Ice Cube and Charlie Day square off as a pair of job-endangered high school teachers who decide to settle their differences the old fashioned way in Fist Fight, a sporadically funny but formulaic comedy also featuring Tracy Morgan, Jillian Bell (22 Jump Street) and Dean Norris (Breaking Bad).
The feature debut of frequent It’s Always Sunny in Philadelphia director Richie Keen, this agreeably vulgar comedy from screenwriters Van Robichaux and Evan Susser boasts an enjoyably scrappy concept and a gifted cast fully committed to onscreen buffoonery, though audiences will likely succumb to fatigue due to the premise’s inherent flimsiness. Even with the additional storyline padding of layoffs, marital stress and Senior Prank Day, Fist Fight just barely scrounges up enough material to fill its ninety-minute running time. Still, Ice Cube and Day gleefully send up their tough versus timid onscreen personas, and the supporting cast earns enough laughs of their own to justify an outing for this fitfully funny February release.
English teacher Andy Campbell (Day) is in for one hell of a bad day. It’s the last day of school at Roosevelt High, and in addition to being stressed out over his wife’s (JoAnna Garcia Swisher) imminent childbirth, his daughter’s (Alexa Nisenson) talent show performance, and the budget cuts that are jeopardizing his and his coworkers jobs, Andy also has to suffer through a particularly barbaric Senior Prank Day. Sadly, these are the least of Andy’s troubles.
Following a heated teacher’s lounge encounter with the fearsome history teacher Ron Strickland (Ice Cube), Andy finds himself at the wrong place at the wrong time when he witnesses Strickland’s violent reaction to a senior prank. When the power-drunk principal (Norris) calls the teachers into his office to discuss the incident, Campbell promptly rats on Strickland, getting him fired in the process. Firmly believing in the snitches-get-stitches brand of justice, Strickland resolves to lay an ass-whuppin' on Campbell in the parking lot after school. As news of the impending teacher fight quickly spreads from students to faculty to social media, Andy desperately tries to squash the beef. Along the way, between student blackmails, dysfunctional teachers and constant taunts from Strickland, the meek poetry teacher learns how to stand up for himself.
Despite the one-dimensional characters and familiar plot elements, screenwriters Van Robichaux and Evan Susser throw enough raunchy material at the big screen to win a suitable amount of laughs from R-rated comedy fans. Even though the script’s attempts to add some social commentary about the need for improved education are feeble at best, and some of the humor falls terribly flat, the high-concept premise combined with the ticking clock plot device manages to sustain interest throughout its duration. Comic highlights include the axe-wielding Strickland’s classroom freak-out, Campbell’s daughter’s hilariously obscene talent show performance, and of course the climactic fistfight that accounts for this endeavor.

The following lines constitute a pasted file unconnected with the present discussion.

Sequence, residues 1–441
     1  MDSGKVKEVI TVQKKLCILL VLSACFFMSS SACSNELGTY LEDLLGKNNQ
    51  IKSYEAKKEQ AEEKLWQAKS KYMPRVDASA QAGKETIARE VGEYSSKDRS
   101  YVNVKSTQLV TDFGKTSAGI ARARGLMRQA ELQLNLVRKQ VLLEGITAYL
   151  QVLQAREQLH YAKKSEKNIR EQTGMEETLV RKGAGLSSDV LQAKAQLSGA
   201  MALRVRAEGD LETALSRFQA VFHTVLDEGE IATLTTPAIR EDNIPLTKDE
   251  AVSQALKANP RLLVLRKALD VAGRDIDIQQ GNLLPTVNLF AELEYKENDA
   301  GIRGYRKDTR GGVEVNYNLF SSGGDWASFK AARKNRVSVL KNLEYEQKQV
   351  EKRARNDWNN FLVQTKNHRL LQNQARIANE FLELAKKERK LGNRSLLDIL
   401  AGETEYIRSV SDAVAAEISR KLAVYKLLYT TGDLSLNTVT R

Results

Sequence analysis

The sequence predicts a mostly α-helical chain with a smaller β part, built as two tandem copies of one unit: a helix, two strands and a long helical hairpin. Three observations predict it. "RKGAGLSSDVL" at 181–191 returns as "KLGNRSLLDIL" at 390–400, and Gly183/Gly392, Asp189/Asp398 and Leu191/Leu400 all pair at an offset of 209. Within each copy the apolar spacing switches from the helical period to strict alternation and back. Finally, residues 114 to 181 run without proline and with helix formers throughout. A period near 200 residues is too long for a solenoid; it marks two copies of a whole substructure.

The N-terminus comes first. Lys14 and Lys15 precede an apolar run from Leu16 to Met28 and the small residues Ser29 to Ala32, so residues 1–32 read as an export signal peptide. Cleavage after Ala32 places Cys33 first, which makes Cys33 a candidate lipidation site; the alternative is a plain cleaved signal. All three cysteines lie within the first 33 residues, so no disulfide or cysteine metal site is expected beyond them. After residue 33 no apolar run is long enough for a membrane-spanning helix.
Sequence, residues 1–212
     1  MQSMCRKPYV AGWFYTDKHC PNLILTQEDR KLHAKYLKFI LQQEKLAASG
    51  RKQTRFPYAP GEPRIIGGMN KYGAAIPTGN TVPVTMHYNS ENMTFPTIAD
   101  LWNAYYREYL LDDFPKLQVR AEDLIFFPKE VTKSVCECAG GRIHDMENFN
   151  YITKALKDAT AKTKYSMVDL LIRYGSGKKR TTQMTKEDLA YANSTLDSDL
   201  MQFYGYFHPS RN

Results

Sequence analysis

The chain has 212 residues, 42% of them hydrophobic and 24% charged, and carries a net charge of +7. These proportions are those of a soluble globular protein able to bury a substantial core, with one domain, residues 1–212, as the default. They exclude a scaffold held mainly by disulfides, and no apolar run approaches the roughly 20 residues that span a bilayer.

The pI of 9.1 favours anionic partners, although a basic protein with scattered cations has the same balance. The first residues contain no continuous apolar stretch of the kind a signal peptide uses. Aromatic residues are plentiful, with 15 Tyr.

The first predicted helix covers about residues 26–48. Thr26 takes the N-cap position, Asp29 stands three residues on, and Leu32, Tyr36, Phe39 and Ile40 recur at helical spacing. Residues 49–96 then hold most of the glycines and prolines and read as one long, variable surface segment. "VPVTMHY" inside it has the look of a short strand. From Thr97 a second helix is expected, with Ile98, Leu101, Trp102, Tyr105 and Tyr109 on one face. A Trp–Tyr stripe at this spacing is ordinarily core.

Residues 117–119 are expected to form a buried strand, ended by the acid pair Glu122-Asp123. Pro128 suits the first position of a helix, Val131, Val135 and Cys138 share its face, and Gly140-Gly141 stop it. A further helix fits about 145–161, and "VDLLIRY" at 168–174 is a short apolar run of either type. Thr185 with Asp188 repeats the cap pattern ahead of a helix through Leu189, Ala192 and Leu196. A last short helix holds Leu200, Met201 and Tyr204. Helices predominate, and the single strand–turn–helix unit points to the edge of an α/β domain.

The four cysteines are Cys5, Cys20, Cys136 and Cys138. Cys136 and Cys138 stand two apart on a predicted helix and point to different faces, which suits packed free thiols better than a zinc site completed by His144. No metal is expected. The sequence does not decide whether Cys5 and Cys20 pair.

Anyone looking to see Ice Cube and Charlie Day sink their teeth into some meaty roles will have to look elsewhere, as “Fist Fight” offers exactly what you would expect from these performers. Ice Cube has made a career out of sending up his hard-edged persona, and while the routine is perhaps a little past its prime, it still earns a fair share of laughs when transplanted to the classroom. Similarly, Charlie Day brings to the table his neurotic brand of humor that he’s solidified on It’s Always Sunny and the Horrible Bosses franchise, and aside from exhibiting some unexpected backbone in the final third, he pretty much hits the usual notes. Making a welcome return to the big screen after recovering from a tragic car accident, Morgan adds some humor to the proceedings as the insecure Coach Crawford, while Norris is reliably unhinged as the tormented Principal Tyler, but it’s certified scene-stealers Bell and Kumail Nanjiani who leave lasting impressions as a drug-addled, student-obsessed teacher and a callous security guard.
Although “Fist Fight” doesn’t pack as much punch or originality as I had hoped, it’s still a pleasure to see these comic performers do battle.
Running Time: 90 minutes
Rated R for language throughout, sexual content/nudity and drug material.